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About Tetsuyama

  • Birthday 03/20/1976

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    Software Dev

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  1. Re: Turning Undead Klaatu, something, something? A quick lexicon for the D&D (or SRD) impaired: HD - Hit Dice CR - Challenge Rating (used to determine difficulty of encounter) SRD - Standard Reference Document (freely available d20 rules, which WotC extends in a proprietary way to create D&D).
  2. Re: Turning Undead If you want to keep the D&Dish undead turning stuff, port over the Turn Resistance quality that many undead have: +X PRE, Only to Resist PRE Attacks (-Y). Also keep in mind that undead in D&D tend to have lots of hit dice relative to their CR, making turning less likely (i.e. a level 4 Cleric can expect to encounter undead with a CR close to his level, but it may have *many* more HD than that; a CR 4 Minotaur Zombie from the SRD has 12 HD, making it unturnable by a level 4 Cleric).
  3. Re: Pulp Hero I'm working on putting together a pulp flavored 1930s/40s steampunk influenced campaign. It'll probably actually be something like LXG meets Indiana Jones in its final incarnation. Here are my current rough guidelines for character development (still in some flux, but I don't expect major deviations at this point). Starting Points: 175 base/100 disads, max from one disad category being 35. I decided not to go with NCM, rather limiting PCs to one Primary stat over 20. Characters can carry normal technology according to the rules for Resource Points in Dark Champions. Power Levels: OCV/DCV start at 5-8 and are capped at 12 Speed starts at 3-5 and is capped at 7 DEF probably in the 8-12 range, no more than 18 rDEF I'm expecting 3-8, max 12 Skill rolls 11- to 14-, max 16- Powers should be in the 15-30 AP range with a negotiable cap of 45. I'm planning on using Hit Locations, Knockdown, and some variant of Impairing. Characters will be allowed to Push. All told, it's pretty high-powered for a true pulp campaign, I guess. But I tried building a couple of sample PCs for it, and they were surprisingly not outrageous (granted, my view may deviate from yours). My goal with these limits is to make the PCs able to take on lightly armed civilian criminals in droves, and Nazi thugs at 2 to 1 (or even 3 to 1) odds in hand-to-hand or with surprise, but still have them be vulnerable to massed small arms fire from infantry units or border patrols.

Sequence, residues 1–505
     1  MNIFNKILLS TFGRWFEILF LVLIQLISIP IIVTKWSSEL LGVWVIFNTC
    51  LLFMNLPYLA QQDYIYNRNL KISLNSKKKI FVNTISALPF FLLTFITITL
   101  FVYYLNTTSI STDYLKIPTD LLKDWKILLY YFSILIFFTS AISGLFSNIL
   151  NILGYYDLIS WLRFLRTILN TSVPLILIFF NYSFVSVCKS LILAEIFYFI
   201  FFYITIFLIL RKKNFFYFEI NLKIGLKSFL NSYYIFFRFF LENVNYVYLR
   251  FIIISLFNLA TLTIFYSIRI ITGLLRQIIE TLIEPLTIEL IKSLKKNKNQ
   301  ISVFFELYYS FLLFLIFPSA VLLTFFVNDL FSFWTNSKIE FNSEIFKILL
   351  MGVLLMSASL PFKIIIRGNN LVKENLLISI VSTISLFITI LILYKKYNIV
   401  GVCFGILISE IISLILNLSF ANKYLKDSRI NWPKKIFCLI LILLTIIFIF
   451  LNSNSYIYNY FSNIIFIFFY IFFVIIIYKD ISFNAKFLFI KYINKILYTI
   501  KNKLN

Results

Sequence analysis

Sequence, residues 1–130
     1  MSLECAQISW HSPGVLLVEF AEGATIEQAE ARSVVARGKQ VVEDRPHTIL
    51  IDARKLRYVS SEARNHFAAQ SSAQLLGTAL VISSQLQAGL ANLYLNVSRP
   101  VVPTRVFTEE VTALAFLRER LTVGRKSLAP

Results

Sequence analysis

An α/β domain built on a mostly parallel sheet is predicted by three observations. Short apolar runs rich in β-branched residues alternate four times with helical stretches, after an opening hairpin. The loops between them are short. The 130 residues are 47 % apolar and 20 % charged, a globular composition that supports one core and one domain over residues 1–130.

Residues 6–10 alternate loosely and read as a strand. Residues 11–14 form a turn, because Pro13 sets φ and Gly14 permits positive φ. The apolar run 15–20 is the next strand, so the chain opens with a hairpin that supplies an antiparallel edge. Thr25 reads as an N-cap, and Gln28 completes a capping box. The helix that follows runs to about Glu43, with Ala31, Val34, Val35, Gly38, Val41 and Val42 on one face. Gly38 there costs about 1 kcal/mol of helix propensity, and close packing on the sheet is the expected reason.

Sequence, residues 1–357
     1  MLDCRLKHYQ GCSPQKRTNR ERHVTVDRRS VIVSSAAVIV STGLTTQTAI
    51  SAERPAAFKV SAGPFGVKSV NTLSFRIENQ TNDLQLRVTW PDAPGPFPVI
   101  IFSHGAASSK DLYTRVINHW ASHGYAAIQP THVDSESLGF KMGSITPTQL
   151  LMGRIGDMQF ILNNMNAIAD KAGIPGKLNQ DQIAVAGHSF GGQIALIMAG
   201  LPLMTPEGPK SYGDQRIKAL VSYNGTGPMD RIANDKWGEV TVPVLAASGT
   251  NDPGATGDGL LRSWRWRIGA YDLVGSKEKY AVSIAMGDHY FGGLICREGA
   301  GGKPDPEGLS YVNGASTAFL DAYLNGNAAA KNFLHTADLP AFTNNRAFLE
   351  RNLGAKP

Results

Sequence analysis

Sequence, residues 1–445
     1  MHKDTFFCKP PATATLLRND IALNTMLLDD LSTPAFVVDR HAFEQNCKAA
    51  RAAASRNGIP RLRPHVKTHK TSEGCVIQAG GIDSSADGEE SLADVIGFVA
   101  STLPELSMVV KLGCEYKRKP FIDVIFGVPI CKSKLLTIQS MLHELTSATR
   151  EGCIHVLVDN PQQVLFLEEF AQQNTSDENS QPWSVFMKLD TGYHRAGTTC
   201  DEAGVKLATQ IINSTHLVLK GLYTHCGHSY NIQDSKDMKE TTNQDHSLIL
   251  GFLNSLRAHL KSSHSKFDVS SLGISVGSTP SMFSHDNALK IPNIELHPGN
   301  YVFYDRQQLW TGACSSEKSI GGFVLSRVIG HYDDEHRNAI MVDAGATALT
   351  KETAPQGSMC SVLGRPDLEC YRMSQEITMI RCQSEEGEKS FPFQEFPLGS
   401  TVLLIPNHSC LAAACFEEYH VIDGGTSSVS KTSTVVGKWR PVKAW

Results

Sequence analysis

4. Re: Review my campaign guidelines I just want to second what Keneton said, but in a slightly different way. In the current 3d6 system there's a *huge* difference between 8-, 11-, and 14-. Going to a d20-based system changes the mechanics of skills and combat quite a lot. For reference, here are the odds with 3d6 vs. d20 (actually the way you have it written the odds are slightly different, but the interesting thing is the difference in percentage chance of success at each level with each system): 8- on 3d6: ~26% 11- on 3d6: 62.5% (~35% more likely than 8-) 14- on 3d6: ~91% (~29% more likely than 11-) 8- on d20: 40% 11- on d20: 55% (15% more likely than 8-) 14- on d20: 70% (15% more likely than 11-) Incremental steps in the 3d6 system are non-linear, meaning that going from 8- to 9- (a difference of 11.57%) is not the same percentage success change as from 9- to 10- (a difference of 12.5%), which are both considerably greater than the percentage success change from 15- to 16- (2.78% change). Okay, that's all fine and dandy, but what does it *really* mean? 1. As Keneton says, dodge is no longer nearly as useful a defense option. Say you get +4 DCV from dodge (because that's a convenient number). With a d20, this means you get hit 20% less often. Unless you're way at the outer ends of the to-hit, a +4 DCV generally means considerably more than a 20% frequency shift away from being hit on 3d6. 2. 5% (a 20 on a d20) is a *lot* of critical hits, especially if they automatically do max damage. That's actually marginally more frequent than making 3, 4, and 5 all critical hits on 3d6. There are a lot of ways to encourage more cinematic play, if you root through some of the Luck optional rules and house rule threads around here. Changing to a d20 system has really amazing effects on game balance and odds of success failure, which aren't really readily apparent unless you've done some statistical analysis of the change first (other of which won't be apparent until you've playtested it fairly extensively, I suspect). While this will ease people from a d20 system in to HERO, it also changes the flavor and playing experience a lot.